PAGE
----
Paul Thomas Anderson Goes Far Out

When it comes to the work of writer/director Paul Thomas Anderson, his movies have always been a little….off. The setting, the acting, the writing, the shots and just about everything in a P.T. Anderson picture was always something not seen in the other movies hitting theaters. That’s a good thing, considering Anderson’s near-flawless track record from the shining “Boogie Nights” in 1997 to the bruised darkness of 2012’s “The Master.” When you walk into those or any other of his movies, it only takes about five to ten minutes to recognize the engrossing oddness of an Anderson movie. So with “Inherent Vice,” the adaptation of Thomas Pynchon’s 2009 novel of the same name, Anderson may have done the weirdest thing on camera he’s done to date; disguise his directing and get REALLY weird.
The plot itself is very un-Anderson, taking place in Los Angeles, 1970. Private Investigator and public stoner “Doc” Sportello (Joaquin Phoenix) gets an odd visitor at his beach house; his ex-girlfriend, Shasta Fay Hepworth (Katherine Waterston). She needs Doc to help her find her new boyfriend, wealthy land developer Mickey Wolfmann (Eric Roberts), who may have been kidnapped and locked in a looney bin by Wolfmann’s wife and her lover. From there, Doc takes a bad trip (pun intended) around LA and meets all the poor souls who lost the Summer of Love to Charlie Manson and Vietnam. Doc’s travels include butting heads with ill-tempered LAPD Detective “Bigfoot” Bjornsen (Josh Brolin), a former saxophone player turned heroin junkie (Owen Wilson), a drug-addled dentist (Martin Short), a maritime lawyer (Benicio Del Toro) and a Deputy D.A. who Doc fools around with (Reese Witherspoon), all narrated by Doc’s friend Sortilege (Joanna Newsom). Not even Doc’s stoned state of mind can protect him from the creeping paranoia and faded sunlight of 1970.
For those unfamiliar with Anderson’s directorial traits, he’s a master at tracking shots and expansive set pieces, basically milking everything out of each set and scene he shoots. Since these are Anderson’s signature styles of directing, it’s odd to see how they are rarely used throughout “Inherent Vice.” He does make sure to capture the impressive recreation of 1970 LA, but not in a dynamic way. The city is certainly a character in the film itself, but it never overtakes the actors in scenes or get shots entirely dedicated to itself. Anderson’s touch as a director is hard to find, almost as if one wouldn’t recognize this as Anderson’s work. He seems to wants no distractions from the story, which is hard enough to keep up with as it is. The more people Doc runs into, the more the mystery seems to fade in the blazed background.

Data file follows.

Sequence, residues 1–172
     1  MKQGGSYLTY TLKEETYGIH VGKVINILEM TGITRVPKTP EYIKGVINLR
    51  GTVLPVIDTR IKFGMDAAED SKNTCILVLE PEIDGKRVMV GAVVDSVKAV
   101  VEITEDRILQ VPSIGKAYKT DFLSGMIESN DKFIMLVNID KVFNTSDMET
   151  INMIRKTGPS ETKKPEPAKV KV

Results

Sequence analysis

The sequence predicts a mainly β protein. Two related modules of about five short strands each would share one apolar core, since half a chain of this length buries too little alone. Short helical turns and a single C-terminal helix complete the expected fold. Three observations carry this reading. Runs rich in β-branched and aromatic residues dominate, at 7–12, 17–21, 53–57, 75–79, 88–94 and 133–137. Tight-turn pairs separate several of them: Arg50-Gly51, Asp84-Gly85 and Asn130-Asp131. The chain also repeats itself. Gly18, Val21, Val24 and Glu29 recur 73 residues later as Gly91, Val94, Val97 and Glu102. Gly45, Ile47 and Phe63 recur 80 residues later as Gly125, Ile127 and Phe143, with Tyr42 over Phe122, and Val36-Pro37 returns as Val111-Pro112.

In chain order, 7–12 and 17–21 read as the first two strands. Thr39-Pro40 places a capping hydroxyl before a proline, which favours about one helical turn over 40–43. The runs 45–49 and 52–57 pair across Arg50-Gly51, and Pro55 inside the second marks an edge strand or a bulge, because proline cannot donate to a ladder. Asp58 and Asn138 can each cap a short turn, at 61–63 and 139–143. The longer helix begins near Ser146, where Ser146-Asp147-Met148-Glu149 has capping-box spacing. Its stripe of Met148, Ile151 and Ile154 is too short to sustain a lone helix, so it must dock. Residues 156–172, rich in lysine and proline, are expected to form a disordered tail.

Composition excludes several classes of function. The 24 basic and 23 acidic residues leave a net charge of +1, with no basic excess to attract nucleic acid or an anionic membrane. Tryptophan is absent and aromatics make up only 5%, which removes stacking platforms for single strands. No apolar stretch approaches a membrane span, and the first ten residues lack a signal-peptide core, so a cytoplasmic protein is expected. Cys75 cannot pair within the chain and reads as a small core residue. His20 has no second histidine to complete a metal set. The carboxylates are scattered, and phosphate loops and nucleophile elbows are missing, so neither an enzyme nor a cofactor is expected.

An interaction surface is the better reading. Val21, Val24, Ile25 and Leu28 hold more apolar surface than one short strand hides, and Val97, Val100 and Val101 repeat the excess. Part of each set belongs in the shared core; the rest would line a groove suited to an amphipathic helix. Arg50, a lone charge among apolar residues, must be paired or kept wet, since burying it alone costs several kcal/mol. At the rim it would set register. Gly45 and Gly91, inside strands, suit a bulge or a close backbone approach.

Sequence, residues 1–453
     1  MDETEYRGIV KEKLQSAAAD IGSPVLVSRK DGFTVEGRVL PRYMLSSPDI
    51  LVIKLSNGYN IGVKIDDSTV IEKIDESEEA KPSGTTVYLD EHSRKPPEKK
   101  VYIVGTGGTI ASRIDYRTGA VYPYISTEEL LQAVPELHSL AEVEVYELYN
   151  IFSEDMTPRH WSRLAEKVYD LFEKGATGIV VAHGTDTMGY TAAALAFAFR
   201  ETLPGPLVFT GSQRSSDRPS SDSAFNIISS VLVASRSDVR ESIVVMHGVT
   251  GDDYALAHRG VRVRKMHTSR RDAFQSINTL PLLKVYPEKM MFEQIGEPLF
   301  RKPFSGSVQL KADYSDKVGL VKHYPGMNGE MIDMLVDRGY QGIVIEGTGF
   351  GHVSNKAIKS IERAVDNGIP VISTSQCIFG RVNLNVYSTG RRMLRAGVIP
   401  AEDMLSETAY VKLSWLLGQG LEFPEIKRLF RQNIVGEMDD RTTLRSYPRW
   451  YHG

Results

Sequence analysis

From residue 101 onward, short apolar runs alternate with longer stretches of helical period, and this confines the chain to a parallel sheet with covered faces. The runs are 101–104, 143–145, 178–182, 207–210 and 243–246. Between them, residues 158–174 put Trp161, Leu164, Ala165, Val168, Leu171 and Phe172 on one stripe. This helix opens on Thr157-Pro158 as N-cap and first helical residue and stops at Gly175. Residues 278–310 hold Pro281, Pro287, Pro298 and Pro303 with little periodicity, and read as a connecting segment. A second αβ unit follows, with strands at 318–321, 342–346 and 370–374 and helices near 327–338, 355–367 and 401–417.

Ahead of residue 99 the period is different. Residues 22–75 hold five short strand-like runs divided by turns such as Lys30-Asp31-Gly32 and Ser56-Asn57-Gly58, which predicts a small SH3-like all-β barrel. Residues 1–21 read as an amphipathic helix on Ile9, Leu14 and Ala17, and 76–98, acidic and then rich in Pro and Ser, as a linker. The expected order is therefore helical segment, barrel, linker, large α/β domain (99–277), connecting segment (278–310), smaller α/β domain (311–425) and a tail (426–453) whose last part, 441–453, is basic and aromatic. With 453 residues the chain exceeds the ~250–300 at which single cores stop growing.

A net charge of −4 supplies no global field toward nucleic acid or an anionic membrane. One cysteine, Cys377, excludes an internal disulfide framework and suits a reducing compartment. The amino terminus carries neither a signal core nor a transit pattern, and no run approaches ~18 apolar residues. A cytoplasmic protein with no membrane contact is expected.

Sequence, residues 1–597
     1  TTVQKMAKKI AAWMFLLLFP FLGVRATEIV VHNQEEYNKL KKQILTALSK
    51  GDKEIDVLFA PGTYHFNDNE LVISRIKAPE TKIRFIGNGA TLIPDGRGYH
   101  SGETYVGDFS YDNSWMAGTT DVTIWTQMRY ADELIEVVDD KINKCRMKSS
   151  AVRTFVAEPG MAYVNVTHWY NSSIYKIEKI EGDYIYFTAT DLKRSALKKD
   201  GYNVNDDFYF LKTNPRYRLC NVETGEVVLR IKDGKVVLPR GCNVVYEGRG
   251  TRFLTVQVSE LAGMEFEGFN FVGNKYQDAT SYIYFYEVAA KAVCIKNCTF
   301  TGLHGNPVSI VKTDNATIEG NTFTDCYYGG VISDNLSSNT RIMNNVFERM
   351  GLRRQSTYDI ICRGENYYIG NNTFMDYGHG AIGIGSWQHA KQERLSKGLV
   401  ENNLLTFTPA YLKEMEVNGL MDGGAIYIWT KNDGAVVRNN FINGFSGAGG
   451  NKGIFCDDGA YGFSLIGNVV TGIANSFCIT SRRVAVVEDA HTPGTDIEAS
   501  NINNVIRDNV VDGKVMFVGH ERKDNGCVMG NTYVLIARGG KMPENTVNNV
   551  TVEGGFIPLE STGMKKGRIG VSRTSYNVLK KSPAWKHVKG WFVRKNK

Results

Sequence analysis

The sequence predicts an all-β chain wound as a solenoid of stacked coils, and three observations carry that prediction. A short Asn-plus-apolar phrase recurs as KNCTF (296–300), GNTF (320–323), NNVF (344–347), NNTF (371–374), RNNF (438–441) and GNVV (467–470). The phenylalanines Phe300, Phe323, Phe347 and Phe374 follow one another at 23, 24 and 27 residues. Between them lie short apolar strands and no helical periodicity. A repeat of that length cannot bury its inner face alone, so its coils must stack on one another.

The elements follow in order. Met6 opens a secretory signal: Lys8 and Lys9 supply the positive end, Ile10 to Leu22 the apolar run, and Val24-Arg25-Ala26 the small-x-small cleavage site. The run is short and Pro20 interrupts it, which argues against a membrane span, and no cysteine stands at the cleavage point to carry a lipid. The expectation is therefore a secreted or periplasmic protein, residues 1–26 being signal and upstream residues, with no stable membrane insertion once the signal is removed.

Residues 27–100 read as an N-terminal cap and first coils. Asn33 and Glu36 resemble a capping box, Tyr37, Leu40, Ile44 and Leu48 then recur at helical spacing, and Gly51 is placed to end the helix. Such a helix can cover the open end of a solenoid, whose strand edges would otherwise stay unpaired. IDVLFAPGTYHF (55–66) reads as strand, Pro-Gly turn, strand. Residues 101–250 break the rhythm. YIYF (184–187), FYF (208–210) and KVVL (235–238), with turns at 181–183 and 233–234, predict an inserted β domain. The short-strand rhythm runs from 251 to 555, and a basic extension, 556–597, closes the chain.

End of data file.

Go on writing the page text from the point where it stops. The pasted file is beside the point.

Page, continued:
One common trait of Anderson’s films is still very present in “Inherent Vice,” which is great casting. It’s nice to see Joaquin Phoenix, a normally very physical and emotional actor, appear laid back and enjoying himself. He plays Doc like a lovable goof that tries his best to connect the dots in this puzzle despite his dazed demeanor. Phoenix also shows a surprise talent for physical comedy as he gets pushed around by the LAPD while continuously being thrown off by pot and pizza. If “The Naked Gun” was remade as a stoner comedy, Doc Sportello might as well be Frank Drebin. Doc’s agitators are great too, like Josh Brolin’s brutish Detective Bigfoot. His flattop hair and lack of joy in any and all situations is the grumpy gorilla to Doc’s wild chimpanzee. Katherine Waterston (daughter of “Law & Order” favorite Sam Waterston) is radiant as Shasta Fay, the girl that’s impossible to look away from but impossible to have in Doc’s grasp. Even when they’re together Doc and Shasta know this can’t last, saying, “This doesn’t mean we’re back together.” Martin Short, who hasn’t had a good movie to call his own since….well since he started his career, is a laugh riot and the funniest part of the whole movie. He snorts and snivels at Doc and the hippies trying hard to find a high. Even if the audience loses track of wherever the plot is during the movie, at least there’s Joanna Newsom’s sweet voice in the background to guide everyone through. She’s the friendly guide in this tour of faded 1970. It helps that she’s got Pynchon’s cool writing to back her up, as her words keep bringing the movie back to its detective-story roots.
Is “Inherent Vice” another perfect piece of Paul Thomas Anderson? Hell no, as it just barely keeps its basic plot line from falling to pieces. But “Inherent Vice” is clearly a passion project for Anderson (he’s stated his adoration of Pynchon on many occasions) that’s not trying to please anyone but the author of the source material and himself. It may divide audiences, but that’s been Anderson’s game since he turned Marky Mark into Dirk Diggler. “Inherent Vice” is at all over the place at its worst, but nostalgic fun at its best. Even with the dark and faded setting of 1970 LA, this is Anderson’s most enjoyable movie in a long time. Anderson’s perfectionism made his movies outstanding, but he’s brilliant even when he gets loopy.

Final Verdict: 3.5 out of 4 stars